I’ve always said that I will know it’s time to make a change based on how I feel. And now more than ever is the perfect time to finish writing this marathon chapter of my life.
I’m not saying I’m finished running; I know I will always want to run. In fact, next on my bucket list is a jump down to a cross country race and up to a 50 miler. And there will always be another marathon. But while we will have our three kids at home for only one more school year, I want to have more time and energy for other things. I want to cook more decent meals again with less thrown together. I want to return to baking cookies instead of buying them. And amongst other things, I want to stay up later at night and be able to get our boys from the gym while not hiding in my pyjamas.
The best part about this marathon journey is that I wanted it simply because I enjoyed running and setting goals. Although we never needed it as a source of income for our family, it and the other paths I earned along with it, became one. While we were able to upgrade my van with some of the prize money I earned from unexpectedly placing third at the Boston Marathon, we were content with the one I had.
I could train and compete locally and at an international level for the pure joy of it.
Recently, while at my daughter’s hockey practice, I was asked how my training was going for my next marathon. I explained that this one was different, much like how I felt when I knew it was my last pregnancy or some other “last” life event. It would likely be the final time I’d invest this much in the event I had done for the past 21 years. The dads nodded their heads and we continued to chat. And then, one commented that I was fortunate to do it on my terms, which resonated with me; I most definitely am.
My first marathon was something I wanted to try for fun, after retiring from hockey and returning to running. It led me to become the (then) second fastest Canadian with a time one hour faster than my first. It also gave me the opportunity to later compete for Canada at the 2013 World Championships and 2016 Olympic Games. In more recent years I was able to compete in the professional field at the 2017 London, 2018 Boston, 2019 Berlin, 2021 New York City, and 2022 Chicago World Marathon Majors, placing first three times, fifth, and third respectively in the masters (40+) category.
Knowing I was accepted into the professional field at this year’s 2023 Tokyo Marathon—the sixth and final World Marathon Major—would make for a perfect finale.
My one and only DNF (Did Not Finish), in the countless races I’ve done, at the World Championships, will cost me bragging rights to say I am one of only a handful of people in the world to complete all six World Marathon Majors, the Olympic Games, and World Championships. I believe the ones who have completed all eight marathons are four women: Edna Kiplagat (Kenya), Nuta Olaru (Romania), Aly Dixon (U.K.), Deena Kastor (USA) and one man, Emmanuel Mutai (Kenya).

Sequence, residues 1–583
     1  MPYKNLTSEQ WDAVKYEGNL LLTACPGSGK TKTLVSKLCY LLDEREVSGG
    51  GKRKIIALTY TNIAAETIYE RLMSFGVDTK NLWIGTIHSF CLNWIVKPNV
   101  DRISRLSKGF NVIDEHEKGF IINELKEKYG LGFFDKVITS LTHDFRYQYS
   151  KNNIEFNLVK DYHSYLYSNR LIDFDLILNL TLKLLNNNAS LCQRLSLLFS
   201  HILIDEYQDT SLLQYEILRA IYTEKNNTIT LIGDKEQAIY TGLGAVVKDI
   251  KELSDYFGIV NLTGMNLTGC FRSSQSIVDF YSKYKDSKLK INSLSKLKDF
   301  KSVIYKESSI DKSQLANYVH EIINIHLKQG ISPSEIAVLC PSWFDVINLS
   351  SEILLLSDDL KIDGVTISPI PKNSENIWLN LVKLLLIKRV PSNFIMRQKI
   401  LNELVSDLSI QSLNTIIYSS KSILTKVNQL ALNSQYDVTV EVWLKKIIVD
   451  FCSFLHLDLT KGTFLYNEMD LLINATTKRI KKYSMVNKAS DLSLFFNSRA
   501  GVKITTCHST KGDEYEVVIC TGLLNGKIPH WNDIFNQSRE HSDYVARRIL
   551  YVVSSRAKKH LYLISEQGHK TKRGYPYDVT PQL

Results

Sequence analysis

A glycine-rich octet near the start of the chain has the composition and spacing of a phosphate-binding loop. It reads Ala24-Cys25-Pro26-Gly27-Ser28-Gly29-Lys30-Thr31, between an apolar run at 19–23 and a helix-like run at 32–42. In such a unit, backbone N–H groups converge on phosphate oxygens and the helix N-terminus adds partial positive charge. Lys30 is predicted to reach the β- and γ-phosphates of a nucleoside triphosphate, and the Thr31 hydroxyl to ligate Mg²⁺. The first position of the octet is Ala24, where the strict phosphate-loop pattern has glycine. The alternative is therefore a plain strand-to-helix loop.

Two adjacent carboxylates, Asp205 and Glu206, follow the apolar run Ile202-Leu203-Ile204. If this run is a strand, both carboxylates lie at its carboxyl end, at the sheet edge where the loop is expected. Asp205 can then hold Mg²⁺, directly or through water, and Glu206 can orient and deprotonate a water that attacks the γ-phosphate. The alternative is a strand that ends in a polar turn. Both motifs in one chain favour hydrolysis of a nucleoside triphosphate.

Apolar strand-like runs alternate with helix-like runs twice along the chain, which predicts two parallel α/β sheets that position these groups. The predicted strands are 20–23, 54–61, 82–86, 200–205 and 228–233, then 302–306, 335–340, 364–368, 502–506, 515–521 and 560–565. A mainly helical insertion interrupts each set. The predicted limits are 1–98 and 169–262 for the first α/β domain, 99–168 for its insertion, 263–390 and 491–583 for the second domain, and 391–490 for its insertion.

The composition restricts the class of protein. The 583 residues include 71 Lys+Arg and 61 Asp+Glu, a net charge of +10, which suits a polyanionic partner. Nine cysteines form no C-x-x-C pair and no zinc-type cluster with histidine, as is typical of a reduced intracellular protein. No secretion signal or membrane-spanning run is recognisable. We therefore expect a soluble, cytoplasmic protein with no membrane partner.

Here’s a brief Q&A I’ve held with myself recently, based upon what others have asked me.
What are some of your career highlights?
- Running into the arms of my family after becoming an Olympian in 2016.
- Learning I placed third overall—not third master—after finishing the Boston Marathon in 2018.
- Being the first woman in 20 years to qualify for the Olympic Games Marathon—less than twelve months after fracturing my femur in 2014.
- Racing for Canada in the Chiba Ekiden Relay in Japan in 2012.
- Training in Kenya for a month in 2017.
- Setting the Canadian 50K record in 2021.
- Having a top eight Canadian marathon time ten times between 2009 to 2021.
- Winning my first National Marathon Championship in my first Saucony race kit in 2010.
What are some career highlights that you earned along with running?
- Broadcasting the 2020 Olympic Games.
- Sharing my story at public speaking engagements, giving hope to a child who “thought you had to be from a big city to make it to the Olympics.”
- Training under Reid and coaching with his Coolsaet GO Personal Run Coach service.
What’s next? What else might you like to try?
- Cross Country and 50 miler races.
- Running in Australia and Antarctica, the only two remaining continents I haven’t run in.
- Continuing to coach with Coolsaet GO as well as volunteer coach with our high school track athletes, pacing the occasional workout—as well as beating our two sons in a fun race while I can (distance to be determined).
I am currently very much looking forward to setting other exciting and appropriate running goals for my stage in life, or not, and just running—for the pure joy of it.